Growing up in Belarus, Senior Fellow Marharyta Labkovich was aware from an early age that health education was not adequately taught as classes were based primarily on science rather than people-focused, and discourage any student input. Therefore, to address the issue of substance use, Marharyta approached it from an educational lens.
According to the Belarusian Ministry of Health, 65% of Belarussian students smoke and even more drink alcohol.
To engage young Belarussians around health education, Marharyta created workshops that included interactive exercises based on real-life scenarios of young people who had to make difficult decisions related to substance use. Thus, the workshops consisted of a powerpoint and interactive exercises that Marharyta taught in Russian. The curriculum prioritized student involvement throughout the workshop, where she went over the four-step method and the significance of thoughtful decision-making processes. Marharyta presented information on negative and positive consequences of smoking and drinking, and discussed external factors, such as media and peers, that influence our decisions.
Marharyta believes that “young Belarussians should continue receiving engaging health workshops as the country continues to struggle with high numbers of substance users among young people and adults.”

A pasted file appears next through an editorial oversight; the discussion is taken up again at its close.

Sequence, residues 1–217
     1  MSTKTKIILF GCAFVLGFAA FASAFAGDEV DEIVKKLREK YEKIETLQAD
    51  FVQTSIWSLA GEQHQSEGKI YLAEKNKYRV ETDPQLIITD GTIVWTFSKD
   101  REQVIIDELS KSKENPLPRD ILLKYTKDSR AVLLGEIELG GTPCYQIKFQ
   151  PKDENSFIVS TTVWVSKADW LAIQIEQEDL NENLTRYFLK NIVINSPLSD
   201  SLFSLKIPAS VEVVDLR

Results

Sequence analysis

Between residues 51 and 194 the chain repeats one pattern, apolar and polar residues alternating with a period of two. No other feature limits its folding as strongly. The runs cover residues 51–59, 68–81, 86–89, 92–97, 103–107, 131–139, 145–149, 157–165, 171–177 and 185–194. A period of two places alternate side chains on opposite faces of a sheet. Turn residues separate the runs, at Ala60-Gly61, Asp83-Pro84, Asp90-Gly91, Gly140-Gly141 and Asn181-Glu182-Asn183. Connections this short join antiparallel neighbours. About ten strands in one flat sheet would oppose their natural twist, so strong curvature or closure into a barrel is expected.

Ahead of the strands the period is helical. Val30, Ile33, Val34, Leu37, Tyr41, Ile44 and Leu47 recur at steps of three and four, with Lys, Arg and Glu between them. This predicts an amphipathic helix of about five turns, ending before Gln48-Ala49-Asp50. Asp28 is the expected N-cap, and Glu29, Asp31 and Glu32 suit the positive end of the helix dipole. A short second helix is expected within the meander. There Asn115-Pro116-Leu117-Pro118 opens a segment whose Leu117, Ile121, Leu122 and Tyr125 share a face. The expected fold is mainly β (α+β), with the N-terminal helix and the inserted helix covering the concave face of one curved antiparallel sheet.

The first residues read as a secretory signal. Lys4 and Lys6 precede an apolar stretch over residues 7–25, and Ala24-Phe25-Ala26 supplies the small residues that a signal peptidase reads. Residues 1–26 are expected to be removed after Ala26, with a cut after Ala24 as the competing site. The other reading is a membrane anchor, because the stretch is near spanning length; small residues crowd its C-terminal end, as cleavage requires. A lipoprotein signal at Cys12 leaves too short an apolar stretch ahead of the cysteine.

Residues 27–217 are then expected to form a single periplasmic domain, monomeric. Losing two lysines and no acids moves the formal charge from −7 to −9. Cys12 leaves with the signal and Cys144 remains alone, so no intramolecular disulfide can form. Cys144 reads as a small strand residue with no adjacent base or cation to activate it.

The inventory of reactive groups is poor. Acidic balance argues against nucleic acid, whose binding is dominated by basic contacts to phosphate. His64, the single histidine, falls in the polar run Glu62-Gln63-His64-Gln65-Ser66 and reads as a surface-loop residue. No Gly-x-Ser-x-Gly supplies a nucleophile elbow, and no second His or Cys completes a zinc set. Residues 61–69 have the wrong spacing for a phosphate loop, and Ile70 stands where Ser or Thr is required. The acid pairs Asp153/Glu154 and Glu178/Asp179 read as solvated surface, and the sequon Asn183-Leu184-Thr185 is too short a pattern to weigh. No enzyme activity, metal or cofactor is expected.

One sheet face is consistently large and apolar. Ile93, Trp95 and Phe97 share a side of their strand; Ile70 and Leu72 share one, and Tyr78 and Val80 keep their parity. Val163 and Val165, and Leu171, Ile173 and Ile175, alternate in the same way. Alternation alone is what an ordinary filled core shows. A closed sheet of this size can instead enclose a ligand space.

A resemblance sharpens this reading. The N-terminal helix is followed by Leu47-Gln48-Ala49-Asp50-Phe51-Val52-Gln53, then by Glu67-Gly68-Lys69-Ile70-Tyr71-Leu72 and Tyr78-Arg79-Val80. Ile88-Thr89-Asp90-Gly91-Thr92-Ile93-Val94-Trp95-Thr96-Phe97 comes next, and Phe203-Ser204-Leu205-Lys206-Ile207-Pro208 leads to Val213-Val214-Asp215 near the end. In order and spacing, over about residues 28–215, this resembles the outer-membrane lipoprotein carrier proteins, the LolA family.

To Marharyta, the Belarusian education system is very didactic. “It does not empower young people with a sense of agency when it comes to decision-making,” she says. High rates of substance use and smoking among adolescents in Belarus exist as a result of unhealthy decision-making and a lack of pertinent information.
The exact number of substance users among adolescents is not disclosed online, but from Marharyta’s personal experience growing up, she saw it as a significant issue among peers that then translates into a high prevalence of alcoholism and smoking among adult Belarussians. Thus far, there have been no policy changes to resolve this problem. Therefore, Marharyta wanted to implement an intervention which would reduce substance use by providing young people with decision-making tools and updated information that would motivate them to make healthier choices.
The overall student reaction and the responses that Marharyta collected indicated that they would like to learn more about health topics and have similar classes integrated into their education. In the feedback exit survey that she administered, all the students responded that they would use the information and skills presented in their daily lives. Some said that the workshop made them think more about their health, and others appreciated how the topics of emotional health were framed.
What struck Marharyta the most was the eagerness with which all the groups participated, indicating that there was a genuine interest to engage with the material. In the additional comments section of the feedback survey, students indicated that they wished they were called on more and allowed to engage during the workshop. This suggests that the opportunity to be more proactive learners appealed to the students.